“What do you mean? How has that power ended for women? Are you not listening to what your sister is saying? She was among women who have been fighting men for equal rights for a long time. These days’ women have power I tell you. They wear the trousers. Yet they still want more power. Every day you hear something new about women wanting more power,” Jemba said. As usual, he was rolling yet another cigarette using newspapers he had not read.

“They want the power that was taken away from them when the white man came with Christianity,” said Bokina. “Piri is right. We should mourn the end of power for women. Remember how our grandmothers used to teach us so much and told us stories about the past? Remember how they would command these villages at ceremonies?”

My thoughts went back to the time when we were young and growing up in the village homestead, long before independence. In those days, my grandmother, Mbuya VaMandirowesa, used to rule this village. Mbuya was a tall and formidable woman, the daughter of Chief Kwenda. With her back bent a little, she often walked with hands clasped behind her back. Her face had a deep dark brown colour. Imposing and bare foot, she walked around the village compound, inspecting and examining everything with her sharp eagle eyes. On each of her cheek bones were two small black tattoo lines, nyora, and the traditional marks of beauty. Her whole stomach was covered with these various patterns of beautiful nyora. During the days of Mbuya’s youth, a girl without nyora all over her stomach was not considered beautiful.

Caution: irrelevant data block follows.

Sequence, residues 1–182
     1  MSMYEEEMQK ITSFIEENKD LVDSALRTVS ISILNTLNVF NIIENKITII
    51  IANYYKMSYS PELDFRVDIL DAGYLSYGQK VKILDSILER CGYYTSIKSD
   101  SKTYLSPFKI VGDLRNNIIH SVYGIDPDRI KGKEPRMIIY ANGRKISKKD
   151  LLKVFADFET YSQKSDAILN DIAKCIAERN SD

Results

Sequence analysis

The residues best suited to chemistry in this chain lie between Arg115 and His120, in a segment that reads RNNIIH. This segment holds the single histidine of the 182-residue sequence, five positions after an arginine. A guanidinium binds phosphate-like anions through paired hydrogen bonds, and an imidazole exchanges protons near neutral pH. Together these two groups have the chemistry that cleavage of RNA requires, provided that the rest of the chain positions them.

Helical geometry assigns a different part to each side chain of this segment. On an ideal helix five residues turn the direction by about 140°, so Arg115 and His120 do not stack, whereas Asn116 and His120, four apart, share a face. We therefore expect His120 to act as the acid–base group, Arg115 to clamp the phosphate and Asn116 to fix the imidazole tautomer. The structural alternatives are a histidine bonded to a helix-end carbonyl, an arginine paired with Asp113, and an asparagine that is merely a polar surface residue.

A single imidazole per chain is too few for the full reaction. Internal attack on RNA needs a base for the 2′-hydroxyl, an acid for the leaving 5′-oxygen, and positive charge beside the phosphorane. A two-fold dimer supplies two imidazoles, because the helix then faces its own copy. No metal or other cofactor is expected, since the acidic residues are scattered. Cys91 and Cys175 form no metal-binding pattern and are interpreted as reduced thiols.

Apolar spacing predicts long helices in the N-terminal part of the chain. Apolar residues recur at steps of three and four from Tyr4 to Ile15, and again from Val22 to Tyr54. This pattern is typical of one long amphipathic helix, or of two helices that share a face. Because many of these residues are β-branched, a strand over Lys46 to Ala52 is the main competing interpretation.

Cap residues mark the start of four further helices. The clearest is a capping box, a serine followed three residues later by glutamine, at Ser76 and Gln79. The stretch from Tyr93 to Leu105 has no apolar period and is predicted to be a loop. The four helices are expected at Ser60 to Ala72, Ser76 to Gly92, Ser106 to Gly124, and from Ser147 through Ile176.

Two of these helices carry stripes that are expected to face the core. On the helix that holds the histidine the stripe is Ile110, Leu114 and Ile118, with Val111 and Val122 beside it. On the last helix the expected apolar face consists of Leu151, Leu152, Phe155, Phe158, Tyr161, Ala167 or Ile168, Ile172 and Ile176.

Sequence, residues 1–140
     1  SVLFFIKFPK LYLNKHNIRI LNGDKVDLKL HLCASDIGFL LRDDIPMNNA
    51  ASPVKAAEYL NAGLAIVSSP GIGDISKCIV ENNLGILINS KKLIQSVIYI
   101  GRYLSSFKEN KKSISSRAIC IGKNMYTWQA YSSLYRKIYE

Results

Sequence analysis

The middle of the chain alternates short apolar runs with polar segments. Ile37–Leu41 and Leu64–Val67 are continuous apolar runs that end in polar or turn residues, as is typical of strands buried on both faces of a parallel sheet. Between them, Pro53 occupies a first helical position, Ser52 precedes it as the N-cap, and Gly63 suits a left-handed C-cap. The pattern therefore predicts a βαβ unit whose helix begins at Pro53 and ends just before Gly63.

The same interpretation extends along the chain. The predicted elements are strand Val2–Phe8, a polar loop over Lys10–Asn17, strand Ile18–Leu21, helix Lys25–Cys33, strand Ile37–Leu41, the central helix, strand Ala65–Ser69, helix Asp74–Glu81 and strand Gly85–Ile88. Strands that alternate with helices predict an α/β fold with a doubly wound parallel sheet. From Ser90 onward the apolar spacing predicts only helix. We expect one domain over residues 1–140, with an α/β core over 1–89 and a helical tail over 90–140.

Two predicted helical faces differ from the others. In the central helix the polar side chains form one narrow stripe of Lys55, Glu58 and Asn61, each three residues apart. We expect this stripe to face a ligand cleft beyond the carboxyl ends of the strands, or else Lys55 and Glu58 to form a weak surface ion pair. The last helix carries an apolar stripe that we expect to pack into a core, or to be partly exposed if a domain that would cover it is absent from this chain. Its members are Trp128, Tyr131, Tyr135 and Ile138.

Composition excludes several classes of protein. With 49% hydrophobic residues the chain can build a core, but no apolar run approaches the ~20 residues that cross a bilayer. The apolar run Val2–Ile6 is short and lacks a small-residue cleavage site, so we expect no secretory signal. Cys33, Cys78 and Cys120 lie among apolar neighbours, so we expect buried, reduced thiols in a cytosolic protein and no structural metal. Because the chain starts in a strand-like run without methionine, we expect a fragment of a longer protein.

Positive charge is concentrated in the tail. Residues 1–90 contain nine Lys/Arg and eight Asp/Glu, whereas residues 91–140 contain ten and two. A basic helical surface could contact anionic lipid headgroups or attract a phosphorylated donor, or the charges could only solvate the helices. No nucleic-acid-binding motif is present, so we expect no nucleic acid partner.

Mbuya VaMandirowesa and her elderly women friends used to sit under the mutondo tree drinking village beer, taking snuff, talking and laughing all day during the dry season. Sometimes we sneaked behind the granary near the mutondo tree and listened to their conversations. They often gossiped and talked about other people’s sex lives. But we understood nothing when they spoke in tsumo nemadimikira, riddles and metaphors.

During ceremonies, these powerful old women sang songs in praise of the ancestors.

In those days, everything we learnt about our history and culture came from my mother, Mbuya VaMandirowesa, uncles and aunts and the whole community at large. There were many dark nights when we sat around the fire and Mbuya told us stories about the mischievous Tsuro the Hare and Gudo the baboon. Each story had a moral lesson to it. We also learnt about our past and developed a sense of who we were through storytelling, riddles, sayings, proverbs, metaphors, songs, ceremonies, rituals, games, dances and performances.